(We can go the whole 'ah, my graphic novels are just like having taste in film or music or art or written literature, let us not interrogate our preferences' route, but I'd rather skip the kneejerk geek defensiveness.)

Sometimes, though, it's just a good story told with pictures. Watchmen stands out to me.


Posted by: Cala | Link to this comment | 05- 3-08 3:47 PM
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22: All I'm saying is you can't look at any particular body of evidence and say women's and men's "brains" work differently w/r/t visual stim. (a) Women are socialized not to respond to images. (b) Images, even those created by women, retain some smack of the masculine gaze, which is inherently a part of image-making in a society in which men do most of the gazing. (c) Romance comics sound like shit, especially given what the romance genre of novels does. (d) Maybe if the women in comics were less tits-and-vag, and a little less likely to be brutalized, raped, weakened, sidelined, and pitied, and if comic-reading communities were a little less yuk-yuk sexist, women would read more adventure comics.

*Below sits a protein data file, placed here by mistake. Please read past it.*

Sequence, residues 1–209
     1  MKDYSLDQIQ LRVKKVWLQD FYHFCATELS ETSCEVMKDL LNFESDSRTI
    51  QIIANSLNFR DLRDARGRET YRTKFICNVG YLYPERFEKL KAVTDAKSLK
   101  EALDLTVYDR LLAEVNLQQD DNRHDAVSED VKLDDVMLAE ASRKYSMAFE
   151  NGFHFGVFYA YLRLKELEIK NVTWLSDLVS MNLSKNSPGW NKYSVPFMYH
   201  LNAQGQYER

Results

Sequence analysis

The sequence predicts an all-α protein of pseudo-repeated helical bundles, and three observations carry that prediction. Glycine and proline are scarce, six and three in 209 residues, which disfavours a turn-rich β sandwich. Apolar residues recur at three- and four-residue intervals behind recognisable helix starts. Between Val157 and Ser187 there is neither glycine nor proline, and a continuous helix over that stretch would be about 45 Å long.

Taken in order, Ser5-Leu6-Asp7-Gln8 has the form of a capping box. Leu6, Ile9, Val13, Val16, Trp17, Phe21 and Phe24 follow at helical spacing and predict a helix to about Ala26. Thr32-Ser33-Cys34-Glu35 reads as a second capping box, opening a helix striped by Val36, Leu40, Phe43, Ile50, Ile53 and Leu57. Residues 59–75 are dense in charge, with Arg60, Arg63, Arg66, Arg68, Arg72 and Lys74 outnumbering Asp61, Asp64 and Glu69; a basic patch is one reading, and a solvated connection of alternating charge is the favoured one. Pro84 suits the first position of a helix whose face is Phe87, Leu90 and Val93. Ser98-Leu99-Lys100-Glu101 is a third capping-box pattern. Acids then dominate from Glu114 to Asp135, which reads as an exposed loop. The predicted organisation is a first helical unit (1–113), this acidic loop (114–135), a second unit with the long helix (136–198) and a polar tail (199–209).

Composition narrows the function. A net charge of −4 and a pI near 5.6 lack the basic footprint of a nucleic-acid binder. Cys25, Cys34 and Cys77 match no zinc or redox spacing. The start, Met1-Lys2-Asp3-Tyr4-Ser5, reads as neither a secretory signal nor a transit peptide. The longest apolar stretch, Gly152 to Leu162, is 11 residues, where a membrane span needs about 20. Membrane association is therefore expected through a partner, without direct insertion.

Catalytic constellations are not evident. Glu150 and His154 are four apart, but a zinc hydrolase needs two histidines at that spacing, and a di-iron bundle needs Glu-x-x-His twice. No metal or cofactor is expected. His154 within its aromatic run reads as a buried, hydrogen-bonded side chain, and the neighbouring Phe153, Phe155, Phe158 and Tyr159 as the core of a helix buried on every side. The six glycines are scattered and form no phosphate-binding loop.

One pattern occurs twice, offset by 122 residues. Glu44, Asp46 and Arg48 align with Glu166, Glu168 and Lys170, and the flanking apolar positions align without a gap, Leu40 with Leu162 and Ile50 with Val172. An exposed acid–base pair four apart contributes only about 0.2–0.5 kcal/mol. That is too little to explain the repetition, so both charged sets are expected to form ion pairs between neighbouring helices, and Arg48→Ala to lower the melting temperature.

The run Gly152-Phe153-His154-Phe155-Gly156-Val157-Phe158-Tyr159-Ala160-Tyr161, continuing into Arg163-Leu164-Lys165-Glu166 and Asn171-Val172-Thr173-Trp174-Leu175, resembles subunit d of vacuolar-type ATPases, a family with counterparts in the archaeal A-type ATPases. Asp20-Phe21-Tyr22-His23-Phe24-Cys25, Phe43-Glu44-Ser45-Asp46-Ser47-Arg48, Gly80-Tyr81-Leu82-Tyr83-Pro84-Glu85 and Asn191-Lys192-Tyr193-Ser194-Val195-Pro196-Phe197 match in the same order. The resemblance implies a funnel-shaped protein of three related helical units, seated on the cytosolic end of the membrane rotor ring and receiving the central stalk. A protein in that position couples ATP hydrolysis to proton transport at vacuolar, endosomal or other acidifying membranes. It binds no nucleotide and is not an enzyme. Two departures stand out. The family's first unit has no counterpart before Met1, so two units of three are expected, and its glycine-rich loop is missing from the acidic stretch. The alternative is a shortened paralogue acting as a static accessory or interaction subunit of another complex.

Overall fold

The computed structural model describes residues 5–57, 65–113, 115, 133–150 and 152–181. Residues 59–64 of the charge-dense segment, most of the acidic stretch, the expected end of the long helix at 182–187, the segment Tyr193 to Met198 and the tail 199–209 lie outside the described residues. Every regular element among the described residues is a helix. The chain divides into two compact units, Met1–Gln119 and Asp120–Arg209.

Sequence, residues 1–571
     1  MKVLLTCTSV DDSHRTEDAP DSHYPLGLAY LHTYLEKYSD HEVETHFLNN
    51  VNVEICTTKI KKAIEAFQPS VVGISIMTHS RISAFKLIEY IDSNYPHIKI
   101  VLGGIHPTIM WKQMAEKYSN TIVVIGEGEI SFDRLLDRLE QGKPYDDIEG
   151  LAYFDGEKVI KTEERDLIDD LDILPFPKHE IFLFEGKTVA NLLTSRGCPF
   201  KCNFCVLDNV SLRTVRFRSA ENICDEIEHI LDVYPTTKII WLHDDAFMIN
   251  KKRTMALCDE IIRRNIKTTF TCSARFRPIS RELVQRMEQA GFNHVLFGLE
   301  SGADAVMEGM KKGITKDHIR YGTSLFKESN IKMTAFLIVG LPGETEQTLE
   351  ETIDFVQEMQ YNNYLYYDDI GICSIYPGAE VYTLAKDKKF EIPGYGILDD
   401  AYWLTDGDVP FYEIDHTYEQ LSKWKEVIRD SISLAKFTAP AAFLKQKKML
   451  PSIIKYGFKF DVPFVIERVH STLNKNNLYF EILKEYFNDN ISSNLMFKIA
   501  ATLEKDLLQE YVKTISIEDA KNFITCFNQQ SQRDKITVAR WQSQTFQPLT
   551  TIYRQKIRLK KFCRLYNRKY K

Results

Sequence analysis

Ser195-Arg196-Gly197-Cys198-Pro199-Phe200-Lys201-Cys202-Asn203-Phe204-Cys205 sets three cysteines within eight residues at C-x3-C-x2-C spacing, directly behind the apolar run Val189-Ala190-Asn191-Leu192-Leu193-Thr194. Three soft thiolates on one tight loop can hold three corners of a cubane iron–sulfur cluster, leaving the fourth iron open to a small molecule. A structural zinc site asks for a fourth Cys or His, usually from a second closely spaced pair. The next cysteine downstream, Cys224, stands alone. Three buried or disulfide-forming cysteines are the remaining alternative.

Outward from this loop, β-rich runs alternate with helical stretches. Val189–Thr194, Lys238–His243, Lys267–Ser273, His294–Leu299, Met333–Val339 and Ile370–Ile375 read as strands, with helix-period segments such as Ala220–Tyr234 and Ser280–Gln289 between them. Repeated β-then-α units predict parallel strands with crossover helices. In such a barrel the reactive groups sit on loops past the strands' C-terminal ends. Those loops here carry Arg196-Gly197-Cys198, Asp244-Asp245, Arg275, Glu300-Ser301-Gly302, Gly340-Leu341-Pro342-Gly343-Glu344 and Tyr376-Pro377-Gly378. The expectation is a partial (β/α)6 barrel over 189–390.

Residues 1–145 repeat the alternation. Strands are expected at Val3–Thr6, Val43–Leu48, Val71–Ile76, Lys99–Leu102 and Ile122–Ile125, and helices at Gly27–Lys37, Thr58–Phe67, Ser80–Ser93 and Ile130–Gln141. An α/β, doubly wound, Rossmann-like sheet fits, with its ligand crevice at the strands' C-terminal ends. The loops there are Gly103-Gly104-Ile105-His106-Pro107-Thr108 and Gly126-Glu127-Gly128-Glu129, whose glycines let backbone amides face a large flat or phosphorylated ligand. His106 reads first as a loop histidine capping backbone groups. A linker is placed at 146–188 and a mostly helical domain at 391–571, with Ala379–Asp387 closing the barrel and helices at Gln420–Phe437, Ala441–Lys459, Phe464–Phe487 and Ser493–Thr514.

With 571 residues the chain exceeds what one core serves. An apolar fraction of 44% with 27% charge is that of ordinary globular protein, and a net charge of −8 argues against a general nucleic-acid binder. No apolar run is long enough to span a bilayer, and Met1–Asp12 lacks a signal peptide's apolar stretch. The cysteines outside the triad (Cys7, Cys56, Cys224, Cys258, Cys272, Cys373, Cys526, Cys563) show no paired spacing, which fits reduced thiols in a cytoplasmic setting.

On point (d), I'll just say I think this is unlikely to change, in part because the adolescent homosocial environment requires some measure to keep women out. Homosocial environments are important for social development. But you could also ask why men don't spend more time reading fashion magazines. Just like women might read high-end comic novels, some men do show an interest in high-end fashion. But openly reading Cosmo would be, for a young man, ridiculous. Sure, there are interviews with men in Cosmo, and it's largely about men and their desires. But no man is going to read that shit because it's not for him, just like low-end adventure comics are not for women.


Posted by: A White Bear | Link to this comment | 05- 3-08 3:47 PM
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26: But I was answering Ogged, not Becks.


Posted by: David Weman | Link to this comment | 05- 3-08 3:49 PM
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I have no problem in principle with a series on narratively connected paintings or drawings being fine art; I was going to link to the "Cupid and Psyche" series at the Hermitage or the late 18th century French Catholic mystic series about the "Story of a Soul" but my memory isn't working for the artists.

And many paintings worked somewhat on a narrative level:Every "Susannah & the Elders" or "Judith with the Head of Holofernes" are one panel from a missing comic book.

But if you try to talk to me as if comic books are or are like pure-text novels...they aren't. They are less and more.


Posted by: bob mcmanus | Link to this comment | 05- 3-08 3:51 PM